The iPad Mini 4: A Big Boost to the Mini 3 and Mini 2

Should You Buy or Upgrade to the iPad Mini 4?

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While all eyes were on the iPad Pro, Apple also announced a brand new iPad Mini.  While the iPad Mini 4 only took up a few sentences in Apple's presentation, it represents a significant jump for fans of the 7.9-inch iPad.   It also completely replaces the iPad Mini 3, which is no longer for sale on Apple's website.

It is not a major surprise Apple didn't take much time announcing the iPad Mini 4.  It doesn't need a lot of explaining to the tech-savvy crowd.

 It is virtually an iPad Air 2 in Mini form.  

But don't underestimate it.  

The iPad Air 2 marked a departure in the iPad lineup.  Until then, the iPad had mostly followed the iPhone.  It used the same processor, though sometimes with a very slight performance increase, and the same amount of random access memory (RAM) for applications.  The iPad Air 2 changed this by introducing the A8X tri-core processor, which is a huge performance boost over the iPhone, and 2 GB of RAM, which gives the iPad enough memory for smooth multitasking.   

By contrast, the iPad Mini 4 runs the same A8 processor found in the iPhone 6, which is essentially a dual-core version of the A8X.  This means the iPad Mini 4 doesn't have quite the same performance, especially while multitasking, but it is definitely in the same ballpark.  In fact, the iPad Air 2 is only 5-10% faster in performance in terms of running a single app.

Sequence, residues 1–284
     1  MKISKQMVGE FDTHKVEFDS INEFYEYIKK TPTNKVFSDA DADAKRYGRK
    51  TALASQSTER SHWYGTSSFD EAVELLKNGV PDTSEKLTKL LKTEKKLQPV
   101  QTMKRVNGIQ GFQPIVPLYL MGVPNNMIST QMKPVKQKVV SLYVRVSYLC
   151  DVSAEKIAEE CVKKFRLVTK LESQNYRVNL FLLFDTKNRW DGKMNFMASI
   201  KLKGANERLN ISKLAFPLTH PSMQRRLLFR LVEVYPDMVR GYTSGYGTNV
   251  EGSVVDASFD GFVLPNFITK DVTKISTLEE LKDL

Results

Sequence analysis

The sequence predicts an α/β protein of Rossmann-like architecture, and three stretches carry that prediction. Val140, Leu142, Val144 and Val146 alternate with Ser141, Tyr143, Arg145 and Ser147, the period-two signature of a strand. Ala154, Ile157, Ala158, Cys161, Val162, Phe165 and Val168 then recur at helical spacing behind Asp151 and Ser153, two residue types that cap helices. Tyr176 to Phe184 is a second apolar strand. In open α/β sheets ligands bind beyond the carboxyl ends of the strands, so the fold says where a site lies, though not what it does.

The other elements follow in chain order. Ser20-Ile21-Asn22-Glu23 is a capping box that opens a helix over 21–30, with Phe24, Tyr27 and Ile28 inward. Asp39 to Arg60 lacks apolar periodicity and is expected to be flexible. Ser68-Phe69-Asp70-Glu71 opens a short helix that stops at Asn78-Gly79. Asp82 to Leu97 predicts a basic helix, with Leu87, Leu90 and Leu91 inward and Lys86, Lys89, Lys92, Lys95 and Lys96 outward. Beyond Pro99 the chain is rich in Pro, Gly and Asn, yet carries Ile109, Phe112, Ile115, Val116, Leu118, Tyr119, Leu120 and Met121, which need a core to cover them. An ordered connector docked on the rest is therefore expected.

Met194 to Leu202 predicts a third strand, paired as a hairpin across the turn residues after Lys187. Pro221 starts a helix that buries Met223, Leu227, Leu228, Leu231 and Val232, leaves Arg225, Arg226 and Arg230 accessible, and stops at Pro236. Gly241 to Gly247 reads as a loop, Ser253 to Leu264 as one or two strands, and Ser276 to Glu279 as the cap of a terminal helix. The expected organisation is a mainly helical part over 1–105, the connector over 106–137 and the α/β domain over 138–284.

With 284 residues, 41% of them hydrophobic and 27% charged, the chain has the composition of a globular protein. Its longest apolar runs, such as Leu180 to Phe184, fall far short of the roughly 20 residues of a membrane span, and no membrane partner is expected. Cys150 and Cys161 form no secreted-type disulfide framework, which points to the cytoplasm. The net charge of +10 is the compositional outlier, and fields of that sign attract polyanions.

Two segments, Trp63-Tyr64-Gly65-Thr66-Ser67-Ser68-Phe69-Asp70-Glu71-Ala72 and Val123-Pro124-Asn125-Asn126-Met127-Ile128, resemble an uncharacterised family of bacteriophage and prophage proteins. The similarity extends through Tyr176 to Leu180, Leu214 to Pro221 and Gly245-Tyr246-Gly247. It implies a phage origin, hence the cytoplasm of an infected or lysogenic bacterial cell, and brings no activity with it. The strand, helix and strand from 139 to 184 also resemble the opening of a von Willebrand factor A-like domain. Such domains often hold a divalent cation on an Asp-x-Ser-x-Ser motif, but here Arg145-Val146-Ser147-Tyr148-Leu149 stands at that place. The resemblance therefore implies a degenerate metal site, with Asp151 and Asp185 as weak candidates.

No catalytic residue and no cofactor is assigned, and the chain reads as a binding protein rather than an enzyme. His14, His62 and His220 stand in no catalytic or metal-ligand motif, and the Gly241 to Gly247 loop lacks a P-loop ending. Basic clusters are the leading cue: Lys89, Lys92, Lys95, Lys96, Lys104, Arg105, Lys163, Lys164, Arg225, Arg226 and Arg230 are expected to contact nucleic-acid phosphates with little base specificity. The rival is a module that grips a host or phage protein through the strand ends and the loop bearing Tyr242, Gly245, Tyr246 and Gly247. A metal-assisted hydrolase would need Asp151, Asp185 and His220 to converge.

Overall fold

This means the iPad Mini 4 can utilize the side-by-side multitasking introduced in iOS 9, which is only available for the iPad Mini 4, iPad Air 2 and the new iPad Pro line of tablets.  

The iPad Mini 4 starts at $399 for an entry-level 16 GB Wi-Fi-only model. If you want a detailed look at what you get with the iPad Mini 4, you can read my review of the iPad Air 2.

 

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Should you buy an iPad Mini 4?

The biggest difference between the iPad Mini 4 and iPad Air 2 is size.  And that can be both a pro and a con.  The Mini offers portability both outside the house and inside the home.  It's easy to walk around with it and use it with one hand.  The iPad Air's bigger screen comes in handy when you need to do a lot of on-screen manipulation, where the larger size offers more room, but the Mini is plenty big enough for most people.  

If you plan to do a lot of work, the iPad Air 2 may prove to be a little more productive.  The bigger screen will help with typing and allow you to pay close attention to detail.   If you don't plan to use it for work, or if you need the extra portability it offers, the Mini 4 is a great choice.

A Buyer's Guide to the iPad

Should you upgrade to the iPad Mini 4?

If you own the original iPad Mini, it is time to upgrade.  The original Mini used the iPad 2's chipset, which is extremely dated.  In fact, you will be absolutely amazed at how much faster the Mini 4 is than the original Mini.

If you own the iPad Mini 2 or iPad Mini 3, you should skip this generation.  Sure, the latest and greatest is always faster, but the only major difference you will see is the ability to utilize the side-by-side multitasking.

 And you can still use Slide Over multitasking, which lets you quickly and easily jump in and out of a second app.

If you have a full-sized iPad and are thinking of going Mini, now is a good time.  Anyone that has a non-Air version of the iPad should think about upgrading.  If you have an iPad 4, you can possibly wait another generation, though the iPad 4 isn't compatible with any of the new multitasking features.  Owners of the original iPad, iPad 2 or iPad 3 should definitely think about buying a new iPad.  Those models are getting long in the tooth, and you will see a major upgrade in processing power and features by jumping up to a new model.

 

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